Staying Healthy

Are you napping too much?

Daytime sleepiness could be a sign of an underlying health problem, and it comes with risks.

By , Executive Editor, Harvard Health Letter

photo of a man napping outdoors, with a book on his chest and a straw hat pulled down over his face

A quick catnap can be refreshing and provide just the right reset to keep up your energy and concentration. But what about a lot of little catnaps — or even a great big snooze after every meal? Too much daytime sleeping can indicate a serious health problem.

How much is too much?

The optimal amount of sleep we need each night is seven to nine hours. Getting more or less than that is linked to cognitive decline, obesity, heart disease, and premature death. A direct cause hasn’t been established conclusively, but there’s growing evidence to suggest that possibility.

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About the Author

photo of Heidi Godman

Heidi Godman, Executive Editor, Harvard Health Letter

Heidi Godman is the executive editor of the Harvard Health Letter. Before coming to the Health Letter, she was an award-winning television news anchor and medical reporter for 25 years. Heidi was named a journalism fellow … See Full Bio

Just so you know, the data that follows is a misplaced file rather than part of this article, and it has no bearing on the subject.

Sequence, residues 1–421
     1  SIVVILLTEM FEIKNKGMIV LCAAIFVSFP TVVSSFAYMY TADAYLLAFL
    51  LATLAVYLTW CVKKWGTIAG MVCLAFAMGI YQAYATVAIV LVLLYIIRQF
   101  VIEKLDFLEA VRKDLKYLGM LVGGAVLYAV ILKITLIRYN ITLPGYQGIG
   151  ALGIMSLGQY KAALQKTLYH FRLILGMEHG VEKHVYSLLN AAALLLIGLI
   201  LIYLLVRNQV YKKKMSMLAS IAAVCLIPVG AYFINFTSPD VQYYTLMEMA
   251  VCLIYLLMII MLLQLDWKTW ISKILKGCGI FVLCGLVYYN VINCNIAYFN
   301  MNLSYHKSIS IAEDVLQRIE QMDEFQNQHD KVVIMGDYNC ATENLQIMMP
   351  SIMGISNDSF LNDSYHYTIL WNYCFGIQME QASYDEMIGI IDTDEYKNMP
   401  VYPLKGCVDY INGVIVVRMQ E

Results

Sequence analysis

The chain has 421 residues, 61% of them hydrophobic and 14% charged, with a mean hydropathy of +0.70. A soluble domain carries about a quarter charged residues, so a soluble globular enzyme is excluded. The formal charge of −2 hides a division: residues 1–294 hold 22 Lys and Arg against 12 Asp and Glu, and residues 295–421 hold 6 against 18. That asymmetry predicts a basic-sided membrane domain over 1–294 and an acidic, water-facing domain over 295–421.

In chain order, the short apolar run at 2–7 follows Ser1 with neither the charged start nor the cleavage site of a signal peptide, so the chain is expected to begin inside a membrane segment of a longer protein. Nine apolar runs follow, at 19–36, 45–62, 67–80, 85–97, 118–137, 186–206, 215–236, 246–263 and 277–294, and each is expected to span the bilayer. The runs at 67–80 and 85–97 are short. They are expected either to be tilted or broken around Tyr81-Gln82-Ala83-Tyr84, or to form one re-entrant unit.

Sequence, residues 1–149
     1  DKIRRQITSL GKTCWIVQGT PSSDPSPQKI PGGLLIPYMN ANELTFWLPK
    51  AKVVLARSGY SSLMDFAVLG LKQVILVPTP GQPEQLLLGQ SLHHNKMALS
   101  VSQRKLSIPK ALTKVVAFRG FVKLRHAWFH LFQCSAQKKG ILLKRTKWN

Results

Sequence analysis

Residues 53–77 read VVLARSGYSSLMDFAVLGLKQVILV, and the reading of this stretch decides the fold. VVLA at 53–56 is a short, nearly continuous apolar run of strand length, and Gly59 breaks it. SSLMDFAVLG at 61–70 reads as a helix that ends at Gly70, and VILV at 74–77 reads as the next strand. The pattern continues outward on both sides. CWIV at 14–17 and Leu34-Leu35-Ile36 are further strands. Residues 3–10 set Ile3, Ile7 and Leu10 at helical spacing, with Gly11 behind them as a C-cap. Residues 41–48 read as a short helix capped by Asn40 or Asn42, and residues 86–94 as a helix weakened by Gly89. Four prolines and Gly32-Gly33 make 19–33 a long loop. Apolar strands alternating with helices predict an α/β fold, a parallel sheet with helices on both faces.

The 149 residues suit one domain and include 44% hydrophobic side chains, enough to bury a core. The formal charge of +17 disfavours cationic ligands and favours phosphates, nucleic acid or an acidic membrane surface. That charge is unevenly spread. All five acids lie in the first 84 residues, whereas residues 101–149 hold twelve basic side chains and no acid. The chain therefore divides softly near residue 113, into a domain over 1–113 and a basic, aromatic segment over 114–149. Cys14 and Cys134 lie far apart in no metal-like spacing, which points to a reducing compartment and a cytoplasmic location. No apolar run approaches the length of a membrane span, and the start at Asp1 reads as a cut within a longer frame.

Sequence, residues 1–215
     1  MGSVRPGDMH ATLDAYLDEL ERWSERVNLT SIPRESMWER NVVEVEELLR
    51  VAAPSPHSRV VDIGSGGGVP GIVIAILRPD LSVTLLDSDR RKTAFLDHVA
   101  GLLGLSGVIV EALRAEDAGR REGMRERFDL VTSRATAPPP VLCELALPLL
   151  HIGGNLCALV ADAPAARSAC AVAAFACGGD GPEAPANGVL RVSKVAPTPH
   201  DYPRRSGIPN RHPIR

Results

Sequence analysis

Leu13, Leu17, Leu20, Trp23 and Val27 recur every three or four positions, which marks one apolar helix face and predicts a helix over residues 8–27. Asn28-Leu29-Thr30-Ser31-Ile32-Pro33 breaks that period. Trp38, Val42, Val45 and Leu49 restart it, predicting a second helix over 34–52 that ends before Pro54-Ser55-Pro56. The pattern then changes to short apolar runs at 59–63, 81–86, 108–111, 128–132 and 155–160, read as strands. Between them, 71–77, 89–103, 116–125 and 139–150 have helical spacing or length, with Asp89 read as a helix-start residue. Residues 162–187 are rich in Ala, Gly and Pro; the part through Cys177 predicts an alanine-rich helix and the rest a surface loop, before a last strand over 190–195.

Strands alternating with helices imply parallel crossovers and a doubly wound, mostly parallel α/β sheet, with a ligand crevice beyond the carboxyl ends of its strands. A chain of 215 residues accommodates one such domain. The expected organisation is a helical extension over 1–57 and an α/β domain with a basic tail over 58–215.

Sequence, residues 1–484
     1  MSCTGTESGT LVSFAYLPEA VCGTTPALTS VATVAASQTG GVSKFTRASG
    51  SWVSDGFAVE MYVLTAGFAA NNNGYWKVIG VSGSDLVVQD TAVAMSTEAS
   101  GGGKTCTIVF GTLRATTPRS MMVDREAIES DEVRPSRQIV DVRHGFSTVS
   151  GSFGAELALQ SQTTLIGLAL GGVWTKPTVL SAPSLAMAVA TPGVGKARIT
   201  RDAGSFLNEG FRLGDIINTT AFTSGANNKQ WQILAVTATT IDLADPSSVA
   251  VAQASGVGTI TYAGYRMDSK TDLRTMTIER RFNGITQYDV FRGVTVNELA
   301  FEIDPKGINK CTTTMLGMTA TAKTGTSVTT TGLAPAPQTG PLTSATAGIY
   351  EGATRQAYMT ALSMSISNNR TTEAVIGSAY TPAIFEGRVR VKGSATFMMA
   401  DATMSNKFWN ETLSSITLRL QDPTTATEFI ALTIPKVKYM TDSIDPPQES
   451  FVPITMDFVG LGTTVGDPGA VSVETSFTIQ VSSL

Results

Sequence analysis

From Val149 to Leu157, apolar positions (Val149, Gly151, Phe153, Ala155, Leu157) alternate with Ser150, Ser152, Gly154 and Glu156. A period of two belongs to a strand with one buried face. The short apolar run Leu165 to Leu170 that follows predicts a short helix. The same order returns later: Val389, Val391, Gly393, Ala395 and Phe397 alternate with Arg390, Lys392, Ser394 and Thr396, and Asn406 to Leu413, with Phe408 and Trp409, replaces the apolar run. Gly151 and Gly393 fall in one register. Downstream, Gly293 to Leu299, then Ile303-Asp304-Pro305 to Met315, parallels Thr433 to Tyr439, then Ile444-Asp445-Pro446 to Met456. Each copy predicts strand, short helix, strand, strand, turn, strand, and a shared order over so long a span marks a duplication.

View all posts by Heidi Godman

About the Reviewer

photo of Anthony L. Komaroff, MD

Anthony L. Komaroff, MD, Editor in Chief, Harvard Health Letter

Dr. Anthony L. Komaroff is the Steven P. Simcox/Patrick A. Clifford/James H. Higby Professor of Medicine at Harvard Medical School, senior physician at Brigham and Women’s Hospital in Boston, and editor in chief of the Harvard … See Full Bio
View all posts by Anthony L. Komaroff, MD

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As a service to our readers, Harvard Health Publishing provides access to our library of archived content. Please note the date of last review or update on all articles.

No content on this site, regardless of date, should ever be used as a substitute for direct medical advice from your doctor or other qualified clinician.

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